One of my neighbors, a middle school science teacher in his 40s, did not understand why I had never been fishing before. He told me his grandfather had taken him when he was a kid. I explained that my grandfather had been a vegetarian
“What are you,” he asked, “Pentecostal or something?” His question confused me. Were Pentecostals vegetarian? I had a vague idea they did something with snakes.
“We’re Hindu,” I said. Later, other friends assured me that vegetarianism was not a Pentecostal tradition. It was a Hindu one, though. My family was extremely open-minded about personal interpretations of our traditions (my parents loved a good steak), but I had been vegetarian on and off for 21 years at the time of my fishing trip. I was willing to relax my food rules, though, if it would bring me closer to understanding why we had a recreational fishing industry in the desert.
“Put the knife in here,” Jess said, indicating the orifice through which the fish, until recently, conducted its reproductive business. “Then hold the knife at an angle and cut up.” I held the fish on its side and slid the knife into the flesh, then pushed it away from my abdomen and through the sternum. The fish fell open like a book; together, Jess and I read the chapters of its life. “It’s female,” Jess said, digging the fish’s ovaries out from where they lay underneath the digestive system. “Look — full of eggs.” Jess handed me a translucent orange sac, long and skinny like a tiny hot dog, crammed with little shining beads. “She’s early to be this fertile. It’s only February.” She was ready to breed when she swallowed the hook.
“Here’s her liver, I don’t know what it’s doing up here,” Jess continued, indicating a dark, smooth organ. I held the glistening liver in my fingers. The stomach was a rubbery white tube shaped like a flower on one end. The swim bladder, deflated, barely showed against the fish’s back.
After I’d removed everything, I ran the back of my thumb nail up the fish’s spine, bottom to top, the way I had seen Jess do with other fish, scraping out the last of the congealed blood. There. My fish was clean — minus the dirt, gravel and dead grass pasted all over it.
It would have been easy for me to discount my trout, to look around and reject the whole situation. Environmental economists talk about existence value, how something can matter to people even if they never get to see it. Polar bears had existence value to me. So did whales. On a local level, so did native biodiversity. Native desert trout, formed by our capricious waterways, impressed me with their strength of body, their endurance. Whether or not I ever saw a Gila trout or an Apache trout — Arizona’s state fish — in the wild, I wanted to know they were out there, streaking through clear water, stalking caddis flies, leaning into currents. Other Arizonans agreed: Our endangered species management was funded by a voter-approved measure that apportioned some of the state’s lottery tax for conservation.
I asked Jess if the remnant of the natural creek feeding Rose Canyon Lake harbored native fish species. Her answer was no; the lake was artificial, and prior to its construction, no trout swam on Mount Lemmon. Here, in high mountains looming above the Sonoran Desert, we built a lake and put in fish. We put in roads, walkways, docks; added crayfish; built houses; shot some animals; raised and released others. All this, so I could go fishing. There may not have been native fish swimming around the creek burbling nearby as I sat flicking entrails into cattails, but their ghosts nibbled at the edges of my conscience. If the point of managing Arizona’s water systems was to protect native biodiversity and natural systems, then Rose Canyon Lake was a spectacular failure.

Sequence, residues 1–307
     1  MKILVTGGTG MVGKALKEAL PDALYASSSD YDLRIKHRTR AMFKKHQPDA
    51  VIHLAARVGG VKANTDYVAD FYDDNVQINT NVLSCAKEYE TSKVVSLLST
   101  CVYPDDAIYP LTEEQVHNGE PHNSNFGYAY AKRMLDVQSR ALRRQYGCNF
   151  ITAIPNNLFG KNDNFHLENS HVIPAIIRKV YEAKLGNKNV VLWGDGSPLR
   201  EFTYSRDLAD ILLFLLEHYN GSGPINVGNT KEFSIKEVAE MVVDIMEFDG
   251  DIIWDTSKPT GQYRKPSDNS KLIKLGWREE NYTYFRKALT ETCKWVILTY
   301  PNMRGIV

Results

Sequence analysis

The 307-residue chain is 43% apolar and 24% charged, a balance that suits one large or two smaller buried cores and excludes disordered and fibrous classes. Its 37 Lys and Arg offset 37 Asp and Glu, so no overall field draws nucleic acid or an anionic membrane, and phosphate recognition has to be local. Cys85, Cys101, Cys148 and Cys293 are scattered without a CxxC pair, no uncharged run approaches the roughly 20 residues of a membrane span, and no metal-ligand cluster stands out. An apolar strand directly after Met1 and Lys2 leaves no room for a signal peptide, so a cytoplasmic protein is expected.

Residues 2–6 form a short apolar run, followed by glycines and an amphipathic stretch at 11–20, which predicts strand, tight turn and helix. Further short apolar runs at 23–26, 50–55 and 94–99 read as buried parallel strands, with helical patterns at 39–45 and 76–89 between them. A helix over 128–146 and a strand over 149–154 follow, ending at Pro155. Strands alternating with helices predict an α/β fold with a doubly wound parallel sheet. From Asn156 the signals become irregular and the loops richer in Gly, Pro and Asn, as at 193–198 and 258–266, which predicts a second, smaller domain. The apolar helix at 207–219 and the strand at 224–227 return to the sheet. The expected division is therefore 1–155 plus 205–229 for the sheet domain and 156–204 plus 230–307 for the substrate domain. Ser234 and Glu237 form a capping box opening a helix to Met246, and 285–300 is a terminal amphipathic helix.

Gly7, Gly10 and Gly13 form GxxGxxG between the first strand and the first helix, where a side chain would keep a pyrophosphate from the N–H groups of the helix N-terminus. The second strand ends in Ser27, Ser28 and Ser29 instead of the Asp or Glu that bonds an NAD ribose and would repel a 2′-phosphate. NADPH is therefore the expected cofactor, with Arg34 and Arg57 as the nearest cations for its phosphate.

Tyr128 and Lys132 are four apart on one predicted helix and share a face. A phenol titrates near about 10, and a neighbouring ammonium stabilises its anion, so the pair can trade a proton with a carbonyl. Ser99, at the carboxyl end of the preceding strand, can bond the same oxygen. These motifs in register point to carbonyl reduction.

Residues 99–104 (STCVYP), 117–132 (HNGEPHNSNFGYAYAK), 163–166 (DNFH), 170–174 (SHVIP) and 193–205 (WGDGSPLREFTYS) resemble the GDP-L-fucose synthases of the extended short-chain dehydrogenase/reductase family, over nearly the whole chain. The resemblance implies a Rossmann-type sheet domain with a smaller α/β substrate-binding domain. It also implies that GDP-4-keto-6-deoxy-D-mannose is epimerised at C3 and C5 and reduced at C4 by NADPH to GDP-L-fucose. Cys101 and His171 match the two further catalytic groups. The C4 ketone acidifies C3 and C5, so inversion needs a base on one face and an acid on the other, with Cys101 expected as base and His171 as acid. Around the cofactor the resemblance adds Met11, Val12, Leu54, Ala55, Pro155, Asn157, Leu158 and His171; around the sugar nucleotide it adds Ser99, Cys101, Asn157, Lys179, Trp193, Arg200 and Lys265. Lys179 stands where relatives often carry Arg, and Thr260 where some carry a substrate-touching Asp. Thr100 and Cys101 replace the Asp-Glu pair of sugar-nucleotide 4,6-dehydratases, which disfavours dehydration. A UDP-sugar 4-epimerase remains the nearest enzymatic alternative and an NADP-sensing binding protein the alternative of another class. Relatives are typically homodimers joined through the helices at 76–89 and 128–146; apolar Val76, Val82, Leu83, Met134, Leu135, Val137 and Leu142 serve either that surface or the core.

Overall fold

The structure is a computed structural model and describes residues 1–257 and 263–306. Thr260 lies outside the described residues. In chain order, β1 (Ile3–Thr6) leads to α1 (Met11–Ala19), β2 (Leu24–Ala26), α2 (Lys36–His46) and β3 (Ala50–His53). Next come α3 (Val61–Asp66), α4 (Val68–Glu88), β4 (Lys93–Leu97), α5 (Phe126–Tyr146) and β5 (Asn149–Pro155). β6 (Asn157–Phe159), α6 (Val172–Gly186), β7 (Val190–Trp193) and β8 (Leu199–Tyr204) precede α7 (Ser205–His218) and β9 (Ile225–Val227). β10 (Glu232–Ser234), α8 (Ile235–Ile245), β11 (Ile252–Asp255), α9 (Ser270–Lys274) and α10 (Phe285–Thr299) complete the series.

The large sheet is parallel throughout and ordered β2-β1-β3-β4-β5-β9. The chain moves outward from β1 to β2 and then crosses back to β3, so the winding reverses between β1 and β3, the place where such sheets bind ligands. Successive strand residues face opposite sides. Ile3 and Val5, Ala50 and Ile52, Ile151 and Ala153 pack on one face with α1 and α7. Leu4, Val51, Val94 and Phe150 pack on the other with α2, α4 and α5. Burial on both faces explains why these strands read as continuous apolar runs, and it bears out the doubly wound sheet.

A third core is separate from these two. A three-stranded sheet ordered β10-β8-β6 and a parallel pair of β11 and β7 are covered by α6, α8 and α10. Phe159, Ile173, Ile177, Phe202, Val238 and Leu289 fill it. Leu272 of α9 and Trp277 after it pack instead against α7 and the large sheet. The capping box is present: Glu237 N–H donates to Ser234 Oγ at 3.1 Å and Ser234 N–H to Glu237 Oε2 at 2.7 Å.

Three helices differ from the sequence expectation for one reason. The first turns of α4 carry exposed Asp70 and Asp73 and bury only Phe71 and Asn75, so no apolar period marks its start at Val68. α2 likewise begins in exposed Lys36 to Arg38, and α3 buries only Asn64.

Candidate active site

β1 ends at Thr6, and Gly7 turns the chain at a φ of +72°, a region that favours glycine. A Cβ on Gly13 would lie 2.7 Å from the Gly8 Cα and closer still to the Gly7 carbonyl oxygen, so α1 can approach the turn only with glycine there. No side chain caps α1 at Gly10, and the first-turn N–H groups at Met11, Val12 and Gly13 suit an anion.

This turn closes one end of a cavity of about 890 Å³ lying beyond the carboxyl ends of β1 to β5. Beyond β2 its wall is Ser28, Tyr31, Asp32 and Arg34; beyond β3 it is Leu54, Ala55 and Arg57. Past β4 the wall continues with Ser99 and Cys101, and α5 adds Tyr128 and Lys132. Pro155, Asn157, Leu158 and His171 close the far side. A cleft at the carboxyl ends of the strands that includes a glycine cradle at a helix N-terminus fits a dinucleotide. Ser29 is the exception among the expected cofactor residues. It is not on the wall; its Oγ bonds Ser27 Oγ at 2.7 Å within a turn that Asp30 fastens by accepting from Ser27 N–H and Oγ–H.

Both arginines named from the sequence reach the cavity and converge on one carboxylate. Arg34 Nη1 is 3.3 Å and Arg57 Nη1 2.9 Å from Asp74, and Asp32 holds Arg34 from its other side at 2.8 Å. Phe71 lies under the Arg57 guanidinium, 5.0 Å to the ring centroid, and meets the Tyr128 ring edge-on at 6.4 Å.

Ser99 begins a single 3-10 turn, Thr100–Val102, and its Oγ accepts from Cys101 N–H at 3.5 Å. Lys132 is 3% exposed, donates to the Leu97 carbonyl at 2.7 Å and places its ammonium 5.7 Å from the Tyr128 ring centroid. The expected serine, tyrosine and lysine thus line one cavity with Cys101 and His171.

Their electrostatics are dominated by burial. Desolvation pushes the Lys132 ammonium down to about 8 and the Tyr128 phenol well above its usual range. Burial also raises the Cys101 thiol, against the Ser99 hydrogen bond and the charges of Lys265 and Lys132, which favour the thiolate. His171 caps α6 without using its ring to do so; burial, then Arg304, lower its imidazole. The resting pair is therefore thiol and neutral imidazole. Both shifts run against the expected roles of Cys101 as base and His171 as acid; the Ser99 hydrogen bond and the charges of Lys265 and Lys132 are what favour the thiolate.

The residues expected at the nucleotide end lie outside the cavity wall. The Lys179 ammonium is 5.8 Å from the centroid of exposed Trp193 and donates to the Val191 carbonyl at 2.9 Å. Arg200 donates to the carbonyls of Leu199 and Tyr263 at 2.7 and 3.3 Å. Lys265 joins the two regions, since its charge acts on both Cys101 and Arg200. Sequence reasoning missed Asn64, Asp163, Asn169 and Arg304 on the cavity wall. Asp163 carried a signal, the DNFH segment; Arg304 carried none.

But if the point was getting people out of the city and into the forest, Rose Canyon Lake was a success. Across the West, the story was more complex than recreational fisheries competing with native trout fisheries. All of the region’s trout species, whether introduced or native, depend to some extent on human husbandry. Like rainbows and browns, native trout live in water left over from thirsty crops and cities. Native trout, too, come from fisheries, where managers struggle to keep the fish’s behavior wild, their genetics diverse. Native trout take rides by mule, backpack, even helicopter, to be stocked in their historic ranges, then rescued from fires. Perhaps this is the truly quintessential American pastime: managing all of our outdoor landscapes, deciding what lives where, and why.
Jess instructed me to wash off my fish. I held the trout in my palms and dipped her gently in the lake. The frigid water made my hands ache; cursing earnestly, I swished the fish, then tossed her onto the frozen shallows to keep cool. I rubbed my benumbed fingertips and looked around for something non-fishy to eat. To catch one fish and kill it wasn’t the point of learning to fish. I was genuinely trying to adopt a hobby, at least for a day. So after a snack, I baited my hook with a new smorgasbord of fish treats — fake maggots, salmon eggs, something that looked like orange play-dough.
“Aim for right next to that big log,” Jess said. “If I were a trout, that’s where I would live.”
I decided that if I did catch another fish — which seemed unlikely, given that I felt guilty even looking at the live earthworms Jess brought, and that I wasn’t having any luck with any of her fluorescent artificial baits, not even the sparkly pink one or the fake salmon eggs laced with something called “SEXattract” — I would release it. I wondered if I could release, too, all of the contradictions swirling inside me. To the part of me that enjoyed the adventure, release meant finding a way to live in the landscape, not just near it. But perhaps I also needed to release my idea of untrammeled nature. Managed landscapes and wild landscapes are strung by a taut line. Increasingly, as Arizona’s population grows and its climate becomes hotter and drier, Arizonans will choose what swims in our water, and even where that water flows.
I carried my rod to a flat spot on the water’s edge, looked around to make sure no other humans were close enough for me to hook, and snapped out a cast that smacked the water right in front of me. Swearing luridly — I seem to have gotten that part of fishing down — I turned my reel, bringing in the hook so I could try again.